Summary of the trading system optimization results. Step One.

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Written by Forex Automaton   
Tuesday, 21 July 2009 14:28
Article Index
Summary of the trading system optimization results. Step One.
Stop-loss
How often to place new trades?
Forecasting
The multivariate optimum
Winners. Future plans.
All Pages

I've gone through three rounds of historical data optimization (back-testing) for the major forex pairs, performing simulated trading in each pair independently. This mode of the market analysis, with the various exchange rates being treated by the algorithm in isolation from one another, is not the way the production trading system will operate. However, understanding the markets in isolation and optimizing the trading system in this simpler problem setting is seen as the first step towards optimization of the more complex algorithm, where the amount of information at every point in time will be radically increased by combining analyses of multiple exchange rates within the same algorithm. This study is a cross-check to see how the indvidual optima hang together, trying to define a coherent dry residue from the combined experience of the 150,423 simulated trading histories.

1. The "consensus" optimum.

Why is consistency of optima found for the different forex markets interesting? Ideally, if the problem is treated correctly, the algorithmic optimization must deal with bare essentials of the market predictability, with all the transient and non-essential specifics and particulars of the individual exchange rates being left behind and "abstracted" away. In the opposite case of self-delusion, the trading system, optimized using a certain data set, will not function successfully in real life. Wild variation of solutions (the parametric optima), if found for the different markets, would look suspicious. Lack of applicability of XXX/YYY solution for UUU/VVV would cast doubt on the applicability of today's XXX/YYY solution tomorrow. A necessary (but not sufficient) condition of success therefore seems to be some sort of universality in the solutions found. Defining such universality may not be easy.

The data collected so far (see the latest optimization studies for AUD/USD, EUR/USD, GBP/USD, USD/CAD, USD/CHF, and USD/JPY ) allow me at leat two ways of approaching this question:

  1. Compare the "lanscape" of the optimization problem. Similarility of the landscape entails similarity of the solutions. To a considerable degree, this has been already done as successive optimization reports typically included comparisons with similar reports for other markets.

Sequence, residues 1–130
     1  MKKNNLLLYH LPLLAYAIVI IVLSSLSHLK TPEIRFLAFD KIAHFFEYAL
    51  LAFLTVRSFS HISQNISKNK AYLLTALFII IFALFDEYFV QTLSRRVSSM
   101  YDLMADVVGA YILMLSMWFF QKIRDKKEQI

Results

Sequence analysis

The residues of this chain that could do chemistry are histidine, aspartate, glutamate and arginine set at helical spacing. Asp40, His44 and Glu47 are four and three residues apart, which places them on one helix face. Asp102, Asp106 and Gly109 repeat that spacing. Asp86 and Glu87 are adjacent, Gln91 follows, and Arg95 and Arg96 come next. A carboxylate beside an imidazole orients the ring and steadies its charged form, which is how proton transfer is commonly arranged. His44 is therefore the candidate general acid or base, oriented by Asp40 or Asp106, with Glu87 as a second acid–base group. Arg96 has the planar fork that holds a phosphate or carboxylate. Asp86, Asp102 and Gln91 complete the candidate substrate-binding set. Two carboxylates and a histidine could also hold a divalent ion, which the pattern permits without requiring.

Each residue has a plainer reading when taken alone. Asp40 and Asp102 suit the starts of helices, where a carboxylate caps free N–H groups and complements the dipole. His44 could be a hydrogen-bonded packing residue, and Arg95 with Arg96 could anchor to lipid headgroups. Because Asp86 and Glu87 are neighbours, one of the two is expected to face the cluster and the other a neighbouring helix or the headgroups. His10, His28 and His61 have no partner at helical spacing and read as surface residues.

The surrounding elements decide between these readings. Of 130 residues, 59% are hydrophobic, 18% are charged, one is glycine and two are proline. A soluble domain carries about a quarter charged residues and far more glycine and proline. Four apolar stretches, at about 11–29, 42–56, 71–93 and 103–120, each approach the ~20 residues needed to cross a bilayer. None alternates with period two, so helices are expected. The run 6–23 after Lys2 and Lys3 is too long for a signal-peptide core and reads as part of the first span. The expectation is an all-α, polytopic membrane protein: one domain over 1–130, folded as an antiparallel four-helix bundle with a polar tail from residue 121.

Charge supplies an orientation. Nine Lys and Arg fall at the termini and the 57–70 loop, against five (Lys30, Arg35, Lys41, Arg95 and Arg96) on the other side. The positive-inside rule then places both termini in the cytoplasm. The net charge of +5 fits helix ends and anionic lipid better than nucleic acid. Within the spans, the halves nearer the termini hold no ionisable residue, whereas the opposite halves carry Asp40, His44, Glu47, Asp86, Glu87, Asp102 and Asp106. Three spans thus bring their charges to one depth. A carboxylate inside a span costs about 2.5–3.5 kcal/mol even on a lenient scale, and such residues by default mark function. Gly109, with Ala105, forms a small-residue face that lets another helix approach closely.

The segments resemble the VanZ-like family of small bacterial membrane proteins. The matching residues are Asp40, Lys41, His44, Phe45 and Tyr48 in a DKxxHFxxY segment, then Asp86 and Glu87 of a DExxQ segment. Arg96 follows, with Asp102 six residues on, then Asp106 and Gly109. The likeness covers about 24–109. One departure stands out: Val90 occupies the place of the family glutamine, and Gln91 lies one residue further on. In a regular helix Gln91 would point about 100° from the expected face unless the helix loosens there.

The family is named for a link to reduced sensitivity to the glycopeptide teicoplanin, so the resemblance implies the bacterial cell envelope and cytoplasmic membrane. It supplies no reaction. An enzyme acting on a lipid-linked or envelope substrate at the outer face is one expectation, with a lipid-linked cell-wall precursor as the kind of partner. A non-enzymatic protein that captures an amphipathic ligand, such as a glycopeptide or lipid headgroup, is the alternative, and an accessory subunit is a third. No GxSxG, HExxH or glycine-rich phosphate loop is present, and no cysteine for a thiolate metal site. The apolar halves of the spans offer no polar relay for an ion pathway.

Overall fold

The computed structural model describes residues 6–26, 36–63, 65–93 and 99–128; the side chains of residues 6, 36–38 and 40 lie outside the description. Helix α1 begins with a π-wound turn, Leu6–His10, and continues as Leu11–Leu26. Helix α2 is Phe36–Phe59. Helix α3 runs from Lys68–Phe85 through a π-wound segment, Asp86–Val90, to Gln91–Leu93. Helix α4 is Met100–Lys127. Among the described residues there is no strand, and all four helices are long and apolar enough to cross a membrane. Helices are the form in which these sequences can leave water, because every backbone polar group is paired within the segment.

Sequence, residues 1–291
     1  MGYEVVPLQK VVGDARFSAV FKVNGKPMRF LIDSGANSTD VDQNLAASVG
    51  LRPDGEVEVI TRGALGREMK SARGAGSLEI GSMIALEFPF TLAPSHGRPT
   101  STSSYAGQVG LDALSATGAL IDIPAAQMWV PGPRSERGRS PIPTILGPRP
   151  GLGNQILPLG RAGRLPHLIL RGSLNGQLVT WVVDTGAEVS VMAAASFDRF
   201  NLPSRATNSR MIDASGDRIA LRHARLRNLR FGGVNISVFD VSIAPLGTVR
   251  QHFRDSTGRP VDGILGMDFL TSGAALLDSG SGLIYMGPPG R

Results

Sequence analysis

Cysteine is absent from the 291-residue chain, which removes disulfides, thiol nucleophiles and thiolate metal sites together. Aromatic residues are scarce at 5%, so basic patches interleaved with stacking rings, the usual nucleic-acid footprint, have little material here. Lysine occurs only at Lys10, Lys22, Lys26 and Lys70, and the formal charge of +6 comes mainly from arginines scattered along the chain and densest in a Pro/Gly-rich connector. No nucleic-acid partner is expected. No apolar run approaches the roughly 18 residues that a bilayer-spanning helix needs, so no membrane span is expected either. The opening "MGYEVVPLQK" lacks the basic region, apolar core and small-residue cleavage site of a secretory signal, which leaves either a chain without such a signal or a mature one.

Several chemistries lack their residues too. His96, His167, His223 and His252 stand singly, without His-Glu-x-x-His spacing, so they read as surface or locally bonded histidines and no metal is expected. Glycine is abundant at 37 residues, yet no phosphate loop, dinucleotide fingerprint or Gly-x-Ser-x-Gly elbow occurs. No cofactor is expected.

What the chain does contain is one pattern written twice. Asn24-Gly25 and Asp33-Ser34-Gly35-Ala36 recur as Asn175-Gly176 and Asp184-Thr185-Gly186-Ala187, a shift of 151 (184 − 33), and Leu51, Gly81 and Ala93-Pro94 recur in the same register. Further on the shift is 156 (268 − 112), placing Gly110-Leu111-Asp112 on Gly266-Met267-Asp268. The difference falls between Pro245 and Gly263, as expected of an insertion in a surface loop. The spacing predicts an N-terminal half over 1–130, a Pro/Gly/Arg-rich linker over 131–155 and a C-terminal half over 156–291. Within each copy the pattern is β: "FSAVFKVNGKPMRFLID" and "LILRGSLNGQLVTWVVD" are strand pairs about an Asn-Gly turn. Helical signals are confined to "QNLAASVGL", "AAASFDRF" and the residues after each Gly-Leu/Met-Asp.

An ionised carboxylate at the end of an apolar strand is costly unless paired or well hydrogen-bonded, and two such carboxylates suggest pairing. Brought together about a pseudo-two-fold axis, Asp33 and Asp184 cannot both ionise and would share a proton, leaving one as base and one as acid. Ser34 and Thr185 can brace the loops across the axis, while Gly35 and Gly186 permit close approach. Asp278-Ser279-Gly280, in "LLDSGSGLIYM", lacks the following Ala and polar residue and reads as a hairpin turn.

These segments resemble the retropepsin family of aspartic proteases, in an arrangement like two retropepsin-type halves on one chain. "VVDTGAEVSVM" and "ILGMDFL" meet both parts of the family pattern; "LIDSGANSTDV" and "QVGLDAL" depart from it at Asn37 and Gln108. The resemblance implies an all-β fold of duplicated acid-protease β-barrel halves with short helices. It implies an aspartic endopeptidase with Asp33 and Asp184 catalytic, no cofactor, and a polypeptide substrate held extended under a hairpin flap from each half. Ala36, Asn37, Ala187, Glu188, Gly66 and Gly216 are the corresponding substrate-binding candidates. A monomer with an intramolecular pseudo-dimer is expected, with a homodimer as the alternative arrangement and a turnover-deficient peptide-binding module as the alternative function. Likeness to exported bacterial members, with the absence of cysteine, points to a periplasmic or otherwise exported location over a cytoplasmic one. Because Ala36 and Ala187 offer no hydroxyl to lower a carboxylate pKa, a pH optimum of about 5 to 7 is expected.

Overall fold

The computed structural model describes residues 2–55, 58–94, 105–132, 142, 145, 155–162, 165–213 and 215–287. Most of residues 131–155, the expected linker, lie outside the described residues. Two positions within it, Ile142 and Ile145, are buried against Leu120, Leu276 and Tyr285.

2. The "consensus" approach: work out a "consensus" optimum, the one-size-fits-all compromise solution to fit all the different markets. See if it fits, and how good the resulting performance is.

I am not saying that such an optimum is necessarily the way to go -- there may be legitimate differences among the optima that work for the different markets. I am just saying that defining such a common optimum and trying to test how well it fits is a good excercise.

The basic framework remains the same: a run of the program included simulations of trading histories of over 20 thousand independent "virtual traders" (forex robots), each of them being an incarnation of the same algorithm differing by the setting of the adjustable knobs. The algorithm "learns" continually using the past (but not future) data. In total for the six markets researched, there are 150,423 such robot trading histories under study. As in all other published studies so far, the trading is performed on one-decision-a-day time scale, with 1:100 leverage, risking no more than 10% of the trading capital at any point in time. The data used cover the time interval from August 20, 2002 to March 23, 2009, with the actual trading starting in March 2006 (when the initial "training" of the system was completed). The key concepts of conditional projection distributions and profile histograms have been explained before. The trading system control parameters remain as previously defined.

Construcing the consensus optimum in stop-loss parameter Construcing the consensus optimum in entry parameter Construcing the consensus optimum in exit parameter Construcing the consensus optimum in forecasting parameter

Fig.1.1. Comparing the optima, from top to bottom: stop-loss, entry, exit and the forecasting parameter. The edge values are included. The gray shadow band shows the "consensus" optima.

In Fig.1.1, the chosen optima are highlightened by gray bands. The choice of the optimum for the stop-loss is the easiest one to challenge, but the rationale for that choice will be explained below.



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